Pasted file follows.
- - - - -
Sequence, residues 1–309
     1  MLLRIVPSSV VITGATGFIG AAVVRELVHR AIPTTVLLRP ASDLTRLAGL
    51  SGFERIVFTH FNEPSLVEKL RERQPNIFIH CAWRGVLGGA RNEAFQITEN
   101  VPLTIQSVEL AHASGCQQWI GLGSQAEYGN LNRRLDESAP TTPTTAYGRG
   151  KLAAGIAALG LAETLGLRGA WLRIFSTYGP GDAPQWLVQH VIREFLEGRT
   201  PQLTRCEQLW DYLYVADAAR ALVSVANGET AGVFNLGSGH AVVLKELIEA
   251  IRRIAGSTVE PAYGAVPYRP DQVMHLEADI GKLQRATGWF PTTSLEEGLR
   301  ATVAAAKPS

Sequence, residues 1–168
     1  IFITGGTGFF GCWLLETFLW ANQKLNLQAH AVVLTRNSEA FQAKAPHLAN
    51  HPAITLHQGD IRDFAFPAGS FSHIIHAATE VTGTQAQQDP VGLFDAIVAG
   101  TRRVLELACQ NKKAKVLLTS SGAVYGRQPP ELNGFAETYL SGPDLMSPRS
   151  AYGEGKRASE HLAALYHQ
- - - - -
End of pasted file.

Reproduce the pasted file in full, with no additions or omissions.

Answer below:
Sequence, residues 1–309
     1  MLLRIVPSSV VITGATGFIG AAVVRELVHR AIPTTVLLRP ASDLTRLAGL
    51  SGFERIVFTH FNEPSLVEKL RERQPNIFIH CAWRGVLGGA RNEAFQITEN
   101  VPLTIQSVEL AHASGCQQWI GLGSQAEYGN LNRRLDESAP TTPTTAYGRG
   151  KLAAGIAALG LAETLGLRGA WLRIFSTYGP GDAPQWLVQH VIREFLEGRT
   201  PQLTRCEQLW DYLYVADAAR ALVSVANGET AGVFNLGSGH AVVLKELIEA
   251  IRRIAGSTVE PAYGAVPYRP DQVMHLEADI GKLQRATGWF PTTSLEEGLR
   301  ATVAAAKPS

Sequence, residues 1–168
     1  IFITGGTGFF GCWLLETFLW ANQKLNLQAH AVVLTRNSEA FQAKAPHLAN
    51  HPAITLHQGD IRDFAFPAGS FSHIIHAATE VTGTQAQQDP VGLFDAIVAG
   101  TRRVLELACQ NKKAKVLLTS SGAVYGRQPP ELNGFAETYL SGPDLMSPRS
   151  AYGEGKRASE HLAALYHQ